Increasing numbers of teachers are discovering classroom drama to be highly valuable as an instructional tool (Kaaland-Wells, 1994). In dramatic activities, children learn to use language effectively and creatively while they are experiencing different points of views, looking for solutions, and discussing ideas. This digest will review some of the related literature regarding the benefits of classroom drama, as well as introduce a variety of resources to help educators incorporate dramatic activities in their language arts classrooms.
Although several terms have been used to refer to "classroom drama" such as creative dramatics, educational drama, theater games, sociodramatic play, role drama, and role playing, the terms "creative drama" and "drama in education" are umbrella concepts which embrace all the various types of improvised and informal drama used in classrooms. According to some authors, the goal and focus of creative drama are twofold: (1) creating "an experience through which students may come to under-stand human interactions, empathize with other people, and internalize alternative points of view" (Wagner, 1988, p. 5), and (2) developing understanding and learning through drama rather than "some finished product such as a well-mounted play" (Heinig, 1993, p. 22). In other words, the purpose of educational drama is not to produce a theater play for an audience but to contribute to students' personality growth and facilitate their learning by having them respond to situations, dilemmas, or conflicts assuming the role of imagined characters. It should be also noted that almost all students, regardless of their artistic skills for acting, can perform and benefit from this type of drama. For example, some of the techniques used in creative drama such as mime, movement exercises or invented dialogue give every child an opportunity to be actively engaged in drama without necessarily having to act or speak (Stewig, 2000).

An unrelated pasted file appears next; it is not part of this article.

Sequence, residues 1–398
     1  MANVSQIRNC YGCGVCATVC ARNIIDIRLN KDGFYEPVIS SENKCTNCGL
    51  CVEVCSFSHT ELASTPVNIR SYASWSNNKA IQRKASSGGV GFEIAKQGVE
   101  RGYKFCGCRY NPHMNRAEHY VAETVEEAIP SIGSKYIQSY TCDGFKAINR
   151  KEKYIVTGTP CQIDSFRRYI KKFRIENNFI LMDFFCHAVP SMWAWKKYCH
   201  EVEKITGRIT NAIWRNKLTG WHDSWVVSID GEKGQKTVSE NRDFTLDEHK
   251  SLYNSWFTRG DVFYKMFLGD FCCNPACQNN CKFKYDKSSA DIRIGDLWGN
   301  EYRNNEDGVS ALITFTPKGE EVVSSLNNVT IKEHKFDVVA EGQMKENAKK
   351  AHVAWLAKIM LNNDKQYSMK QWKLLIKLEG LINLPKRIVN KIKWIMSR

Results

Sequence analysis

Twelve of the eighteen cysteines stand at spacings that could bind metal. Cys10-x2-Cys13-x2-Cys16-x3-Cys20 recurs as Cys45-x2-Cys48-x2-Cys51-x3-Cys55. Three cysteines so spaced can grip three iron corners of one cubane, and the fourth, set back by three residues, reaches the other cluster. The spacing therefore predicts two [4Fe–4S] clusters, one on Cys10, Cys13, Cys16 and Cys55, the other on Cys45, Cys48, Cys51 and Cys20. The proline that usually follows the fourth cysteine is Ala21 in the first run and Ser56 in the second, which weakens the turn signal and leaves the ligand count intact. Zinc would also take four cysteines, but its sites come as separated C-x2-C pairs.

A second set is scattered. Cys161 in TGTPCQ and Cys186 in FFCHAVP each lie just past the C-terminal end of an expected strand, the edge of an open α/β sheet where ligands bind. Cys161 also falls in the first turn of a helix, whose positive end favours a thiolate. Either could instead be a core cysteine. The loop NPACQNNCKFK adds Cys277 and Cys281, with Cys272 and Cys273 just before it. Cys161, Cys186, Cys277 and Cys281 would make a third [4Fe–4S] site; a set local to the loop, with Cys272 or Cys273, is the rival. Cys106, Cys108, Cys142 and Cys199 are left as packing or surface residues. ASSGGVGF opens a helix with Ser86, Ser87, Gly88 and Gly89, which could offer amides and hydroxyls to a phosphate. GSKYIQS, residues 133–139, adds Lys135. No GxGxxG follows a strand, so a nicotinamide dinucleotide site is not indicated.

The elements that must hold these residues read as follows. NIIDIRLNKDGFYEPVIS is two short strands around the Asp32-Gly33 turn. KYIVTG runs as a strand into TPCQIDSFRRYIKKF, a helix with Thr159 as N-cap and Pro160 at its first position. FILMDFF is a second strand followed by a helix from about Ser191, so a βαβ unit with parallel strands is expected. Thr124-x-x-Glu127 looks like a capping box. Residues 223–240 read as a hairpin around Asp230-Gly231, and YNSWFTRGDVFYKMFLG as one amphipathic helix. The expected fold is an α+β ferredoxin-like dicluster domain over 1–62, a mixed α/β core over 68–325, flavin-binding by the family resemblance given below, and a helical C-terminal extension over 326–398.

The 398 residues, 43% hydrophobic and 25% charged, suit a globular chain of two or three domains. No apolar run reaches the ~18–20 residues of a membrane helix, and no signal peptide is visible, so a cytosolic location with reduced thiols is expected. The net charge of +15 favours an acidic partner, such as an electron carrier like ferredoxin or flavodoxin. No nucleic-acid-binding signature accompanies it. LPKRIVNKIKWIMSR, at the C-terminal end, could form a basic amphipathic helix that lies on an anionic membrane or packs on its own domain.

According to Heining (1993, p. 6), the value of drama in teaching language arts comes from the fact that "learning language arts becomes more meaningful when it stimulates everyday life experiences." Dramatic performance can provide students an opportunity to use language to express various emotions, to solve problems, to make decisions, to socialize, and to develop empathy which eventually contributes to their self-esteem and creativity. In addition, drama activities may be useful in the development of oral communication skills, reading, and writing. Through drama, children may discover different styles and registers which are very different from their everyday speech. Wagner (1998) notes that "drama provides children with experiences that enhance their ability to judge the appropriateness of verbal and non-verbal communication strategies for a wide variety of imagined experiences" (p. 35). Drama has also been found by one author to be helpful for reading and writing skills: McCaslin (1990), for instance, argues that "most teachers find drama to be a strong motivation for reading and vocabulary building" (p. 291). The oral language skills developed through drama have also been found by some scholars to facilitate student's writing skills (Heathcote, 1981; Wagner, 1985).
This site, prepared by the award-winning children's author Aaron Shepard, offers several resources for reader's theater, among them scripts adapted from stories of Aaron Shepard and other authors, as well as online guide to scripting, staging, and performing.
Lisa Blau Homepage
Developed by Len Blau in memory of his wife, Lisa, a literacy educator, this page provides more than 25 free scripts for reader's theatre and is updated monthly.
Creative Drama & Theatre Education Resource Site
This page is created and maintained by Janine Moyer Buesgen. It offers practical classroom ideas, book lists, theatre games, and scripts.
The Drama Teacher's Resource Room
Developed and maintained by Thornton Consulting & Training Services, this website offers ideas for classroom and stage, including articles on costume, props, set design, and lighting.
Drama Curriculum Guide